British vets have welcomed an EU law that clarifies complex legislation around animal health, disease prevention and the vet’s role within it.

EU flag
British vets have welcomed the adoption of the EU Law on transmissible animal diseases.

The Animal Health Law will see almost 40 legal acts streamlined into a single law to form a single overarching regulatory framework of standards for animal and public health in the EU.

Huge scope

The legislation was signed into law on 9 March and will be published in the Official Journal of the European Union. It will enter into force 20 days later and will be applicable five years thereafter.

The scope of the regulation will cover transmissible animal diseases and all categories of animals – from terrestrial and aquatic to farm and pet animals and those kept for research and leisure purposes.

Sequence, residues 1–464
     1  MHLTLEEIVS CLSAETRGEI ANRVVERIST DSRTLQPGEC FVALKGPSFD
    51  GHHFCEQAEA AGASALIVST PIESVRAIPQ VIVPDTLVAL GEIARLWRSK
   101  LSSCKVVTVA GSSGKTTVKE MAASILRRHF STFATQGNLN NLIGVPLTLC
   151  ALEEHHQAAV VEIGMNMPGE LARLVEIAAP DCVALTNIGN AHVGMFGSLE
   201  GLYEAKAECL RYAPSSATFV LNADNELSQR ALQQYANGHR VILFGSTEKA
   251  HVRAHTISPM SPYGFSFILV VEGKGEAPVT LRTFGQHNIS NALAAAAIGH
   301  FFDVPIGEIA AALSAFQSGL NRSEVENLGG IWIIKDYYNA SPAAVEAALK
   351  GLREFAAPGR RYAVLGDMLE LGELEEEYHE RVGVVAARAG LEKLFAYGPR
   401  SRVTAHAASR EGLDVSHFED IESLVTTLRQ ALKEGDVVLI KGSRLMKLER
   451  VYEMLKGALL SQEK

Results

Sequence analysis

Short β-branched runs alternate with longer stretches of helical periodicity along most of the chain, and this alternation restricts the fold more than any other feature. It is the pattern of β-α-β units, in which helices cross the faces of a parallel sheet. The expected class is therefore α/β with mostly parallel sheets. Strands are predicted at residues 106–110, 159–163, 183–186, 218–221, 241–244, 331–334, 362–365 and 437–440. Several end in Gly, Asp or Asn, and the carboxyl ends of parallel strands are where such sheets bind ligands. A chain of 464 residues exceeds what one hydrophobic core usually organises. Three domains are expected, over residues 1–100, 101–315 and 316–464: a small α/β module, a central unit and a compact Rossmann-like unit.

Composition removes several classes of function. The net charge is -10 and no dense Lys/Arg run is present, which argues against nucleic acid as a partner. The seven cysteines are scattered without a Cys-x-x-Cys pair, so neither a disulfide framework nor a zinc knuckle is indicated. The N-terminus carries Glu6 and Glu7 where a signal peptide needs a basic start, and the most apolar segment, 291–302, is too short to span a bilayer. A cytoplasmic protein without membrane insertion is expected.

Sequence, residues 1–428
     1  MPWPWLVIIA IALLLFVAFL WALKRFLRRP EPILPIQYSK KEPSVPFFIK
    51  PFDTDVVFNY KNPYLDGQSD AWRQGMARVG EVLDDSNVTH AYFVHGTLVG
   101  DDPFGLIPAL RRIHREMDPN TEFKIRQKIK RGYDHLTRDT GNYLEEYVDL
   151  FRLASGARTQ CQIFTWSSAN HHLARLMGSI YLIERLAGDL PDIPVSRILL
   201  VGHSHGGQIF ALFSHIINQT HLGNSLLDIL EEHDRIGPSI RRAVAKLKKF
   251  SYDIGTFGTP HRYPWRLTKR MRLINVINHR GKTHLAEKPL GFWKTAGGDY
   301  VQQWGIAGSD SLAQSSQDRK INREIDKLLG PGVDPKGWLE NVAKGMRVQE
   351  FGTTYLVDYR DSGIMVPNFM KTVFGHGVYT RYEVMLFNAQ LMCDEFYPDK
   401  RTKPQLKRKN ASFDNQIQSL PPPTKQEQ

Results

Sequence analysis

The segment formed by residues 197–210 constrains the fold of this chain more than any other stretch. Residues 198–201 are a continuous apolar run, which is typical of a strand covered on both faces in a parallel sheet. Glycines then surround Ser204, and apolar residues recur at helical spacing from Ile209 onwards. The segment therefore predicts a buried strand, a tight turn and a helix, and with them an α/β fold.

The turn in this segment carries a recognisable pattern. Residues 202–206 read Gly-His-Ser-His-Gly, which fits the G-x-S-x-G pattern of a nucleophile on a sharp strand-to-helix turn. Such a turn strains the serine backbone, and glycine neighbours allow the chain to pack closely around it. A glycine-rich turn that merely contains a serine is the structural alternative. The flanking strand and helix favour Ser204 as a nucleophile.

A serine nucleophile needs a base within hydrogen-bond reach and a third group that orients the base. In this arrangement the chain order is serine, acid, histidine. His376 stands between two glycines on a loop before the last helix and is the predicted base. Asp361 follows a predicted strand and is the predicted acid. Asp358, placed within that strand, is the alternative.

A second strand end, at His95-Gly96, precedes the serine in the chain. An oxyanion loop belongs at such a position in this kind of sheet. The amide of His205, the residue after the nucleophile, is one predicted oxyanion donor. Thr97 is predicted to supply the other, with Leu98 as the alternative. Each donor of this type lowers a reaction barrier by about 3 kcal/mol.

The regulations also cover wild animals, where there is a risk of transmitting a disease to other animals or humans.

Coordinated strategy vital

BVA senior vice-president John Blackwell said: “Given our closeness to Europe it is vital UK vets are supported by a coordinated European strategy for maintaining surveillance and vigilance for the control of known and unknown disease threats.

John-Blackwell
BVA senior vice-president John Blackwell.

“It is right the EU should apply strict risk-based controls on imports as animals and animal products can essentially move freely once within EU borders. BVA agrees it is sensible to bring together the principles for setting those rules to improve consistency and transparency while facilitating trade.”

‘Great victory’

MEP Jasenko Selimovic, representative for the Agricultural and Rural Development committee – which was responsible for handling the initiative – described the adoption of the Animal Health Law as a “great victory”.

He said the law would link animal health and welfare and connect it to human health, help fight growing antimicrobial resistance and enable authorities and producers to focus more closely on prevention and control of transmissible animal diseases.

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